Tomorrow, TLS and I are going to try to fly out of there to Baltimore and make our way North to Philadelphia for my cousin's wedding. Right now, I should be packing, but as usual, nothing will actually go into my suitcase until the 11th hour. Of course, it's all in neat little piles ready to go.
While everyone always imagines that you miss the big things (friends, family, etc.) about being back home, sometimes it's really the small, every-day minutae that really make you homesick. Here are the things I'm looking forward to about being back Stateside.
Plastic- credit cards are not as common in Germany as they are in America. As in, everyone has them, but most places don't take them. The processing fees are just too high overseas. We've been to plenty of nice restaurants where you can only pay in cash. Even if your bill is like 100€. Considering I used to routinely charge $0.50 refills at Starbucks and hate having cash on me, this took a lot of getting used to!
Ice- as I learned the hard way over at Homburg Hospital, frozen water is an American delicacy. I kid you not. There was not a single ice cube to be found in the entire building. When you go out to dinner, unless the place really caters to Americans, they will not give you ice in your drink.
Sunday- have I mentioned that the entire country pretty much shuts down on Sunday? I'm really looking forward to just going into a store on a Sunday. I might be really crazy and even pay with a credit card!
Reasonable Drink Prices- for soft drinks here, the prices are insane! The glasses are teeny tiny and a large beer will end up being 0,50-2€ cheaper than a soda. And don't even think about such a crazy thing as free refills.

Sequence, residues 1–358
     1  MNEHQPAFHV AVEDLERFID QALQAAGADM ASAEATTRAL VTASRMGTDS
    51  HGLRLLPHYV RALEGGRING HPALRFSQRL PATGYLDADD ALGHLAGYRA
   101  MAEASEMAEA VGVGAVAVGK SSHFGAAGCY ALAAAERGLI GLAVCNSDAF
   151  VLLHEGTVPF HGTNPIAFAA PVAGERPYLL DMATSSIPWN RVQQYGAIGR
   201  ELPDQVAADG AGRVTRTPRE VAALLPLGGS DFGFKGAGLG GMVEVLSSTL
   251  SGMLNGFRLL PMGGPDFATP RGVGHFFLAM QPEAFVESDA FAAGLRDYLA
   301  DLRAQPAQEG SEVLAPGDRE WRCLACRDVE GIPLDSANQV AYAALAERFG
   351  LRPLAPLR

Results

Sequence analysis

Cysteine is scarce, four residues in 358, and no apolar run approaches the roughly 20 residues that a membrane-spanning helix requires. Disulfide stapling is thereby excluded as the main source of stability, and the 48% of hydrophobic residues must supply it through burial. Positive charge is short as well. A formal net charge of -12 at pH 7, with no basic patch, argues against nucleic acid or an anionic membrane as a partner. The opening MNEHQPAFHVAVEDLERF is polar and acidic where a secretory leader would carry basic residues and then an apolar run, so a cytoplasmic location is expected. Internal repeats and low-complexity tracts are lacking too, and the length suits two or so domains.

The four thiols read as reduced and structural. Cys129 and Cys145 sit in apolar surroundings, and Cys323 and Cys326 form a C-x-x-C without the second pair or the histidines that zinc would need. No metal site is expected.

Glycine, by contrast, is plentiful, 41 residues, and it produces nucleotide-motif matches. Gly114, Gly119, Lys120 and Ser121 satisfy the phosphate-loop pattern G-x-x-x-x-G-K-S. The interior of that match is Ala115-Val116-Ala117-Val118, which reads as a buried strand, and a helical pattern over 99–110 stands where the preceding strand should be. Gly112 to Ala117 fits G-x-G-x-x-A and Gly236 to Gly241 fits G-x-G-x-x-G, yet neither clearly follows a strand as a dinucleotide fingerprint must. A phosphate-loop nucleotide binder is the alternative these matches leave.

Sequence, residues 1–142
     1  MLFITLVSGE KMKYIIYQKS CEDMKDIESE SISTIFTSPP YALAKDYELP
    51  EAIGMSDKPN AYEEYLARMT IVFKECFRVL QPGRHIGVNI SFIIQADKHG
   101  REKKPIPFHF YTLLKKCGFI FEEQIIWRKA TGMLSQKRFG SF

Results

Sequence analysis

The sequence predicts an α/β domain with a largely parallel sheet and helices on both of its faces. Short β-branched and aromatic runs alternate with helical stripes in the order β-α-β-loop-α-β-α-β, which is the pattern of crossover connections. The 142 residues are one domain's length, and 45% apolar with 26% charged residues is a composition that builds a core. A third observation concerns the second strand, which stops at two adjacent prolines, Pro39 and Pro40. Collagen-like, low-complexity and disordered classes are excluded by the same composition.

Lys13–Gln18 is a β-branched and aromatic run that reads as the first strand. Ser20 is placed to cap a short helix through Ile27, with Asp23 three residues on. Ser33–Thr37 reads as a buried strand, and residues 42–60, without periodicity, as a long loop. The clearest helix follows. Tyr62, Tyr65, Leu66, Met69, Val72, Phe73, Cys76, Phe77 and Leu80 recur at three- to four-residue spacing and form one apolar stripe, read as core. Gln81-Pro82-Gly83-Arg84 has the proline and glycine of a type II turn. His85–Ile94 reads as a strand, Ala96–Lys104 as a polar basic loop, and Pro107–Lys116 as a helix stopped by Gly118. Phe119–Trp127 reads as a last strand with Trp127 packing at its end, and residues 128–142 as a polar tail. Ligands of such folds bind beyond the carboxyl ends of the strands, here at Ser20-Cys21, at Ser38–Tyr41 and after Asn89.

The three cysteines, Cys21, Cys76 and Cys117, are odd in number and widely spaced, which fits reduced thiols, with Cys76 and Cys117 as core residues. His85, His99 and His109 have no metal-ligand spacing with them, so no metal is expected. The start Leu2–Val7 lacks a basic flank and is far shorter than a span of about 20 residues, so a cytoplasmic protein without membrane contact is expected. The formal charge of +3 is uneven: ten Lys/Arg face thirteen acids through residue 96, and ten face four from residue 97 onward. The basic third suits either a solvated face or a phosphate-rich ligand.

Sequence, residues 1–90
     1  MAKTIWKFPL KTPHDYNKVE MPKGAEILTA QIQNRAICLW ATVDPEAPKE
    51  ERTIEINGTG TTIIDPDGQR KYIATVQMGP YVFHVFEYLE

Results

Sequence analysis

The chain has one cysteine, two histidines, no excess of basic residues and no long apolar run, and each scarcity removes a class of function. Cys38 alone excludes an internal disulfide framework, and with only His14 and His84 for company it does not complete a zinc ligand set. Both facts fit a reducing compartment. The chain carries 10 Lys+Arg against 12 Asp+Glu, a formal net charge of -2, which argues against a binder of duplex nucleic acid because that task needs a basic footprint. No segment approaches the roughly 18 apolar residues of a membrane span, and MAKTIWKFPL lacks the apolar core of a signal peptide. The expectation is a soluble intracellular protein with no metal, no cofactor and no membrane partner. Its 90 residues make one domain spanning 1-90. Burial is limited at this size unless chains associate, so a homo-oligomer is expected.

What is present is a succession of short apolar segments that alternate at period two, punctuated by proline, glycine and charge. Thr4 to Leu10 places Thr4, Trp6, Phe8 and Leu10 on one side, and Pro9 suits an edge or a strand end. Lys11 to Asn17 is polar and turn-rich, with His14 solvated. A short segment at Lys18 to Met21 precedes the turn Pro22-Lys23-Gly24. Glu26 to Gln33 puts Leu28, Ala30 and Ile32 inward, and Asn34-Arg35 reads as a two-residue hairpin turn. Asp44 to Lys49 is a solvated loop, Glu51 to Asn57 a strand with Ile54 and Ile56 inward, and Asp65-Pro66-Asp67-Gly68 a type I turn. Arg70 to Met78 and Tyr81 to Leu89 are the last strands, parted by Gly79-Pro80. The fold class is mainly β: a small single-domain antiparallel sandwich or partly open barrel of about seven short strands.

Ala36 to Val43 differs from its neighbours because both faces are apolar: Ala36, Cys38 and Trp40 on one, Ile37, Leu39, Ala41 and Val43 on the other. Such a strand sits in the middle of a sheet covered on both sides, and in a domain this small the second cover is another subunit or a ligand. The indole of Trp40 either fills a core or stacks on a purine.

Delivery- when I lived by myself, I hardly ever cooked. I hate cooking for one. 95+% of the time I did delivery. Since I haven't been doing great and can't stand for long periods lately, cooking has not been an option for me. For the past month, we have lived off takeout and meals that my friends have prepared for us. (Y'all can guess how much weight we've gained from that!) I don't know if it's because we live in a small town as opposed to living in NYC, but there aren't a lot of choices for delivery in the area. (Two pizza places and a Chinese place. But who's counting?) The majority of places do takeaway. And of course, the delivery places don't take credit. Naturally. One day, I'm just looking forward to being able to get sushi delivered to our hotel or my mom's house and pay by credit.
Starbucks- I grew up in Manhattan, the land of one Starbucks directly across the street from another Starbucks. Here, the closest one is about 25 minutes away. For us, it's become a treat rather than a 10x a day occurrence. (Yea, I earned that gold card a little too quickly.) Plus, the drink prices are more number-wise here than they are in the States and the prices are in Euro. (Think $4.50 for an iced tea.) And no such thing as a $0.50 refill. But at least they put ice in your drink!
no VAT- sales tax is essentially 19% here. On everything that isn't food. This adds up fast.
not looking like an idiot in stores and restaurants- I only know "supermarket German"- words I learned by reading labels in the supermarket. It will be nice to converse without having to say sprechen zie Englisch? in a questionable accent.
mani/pedis- the first thing I do when I land, and the last thing I do before I fly out is always to get a mani/pedi in the States. After trying out around 4 or 5 salons, I still cannot find one that does as good a job as an American place. And the prices here are crazy expensive. Around 40-60€ for a basic mani/pedi. I hate the euro.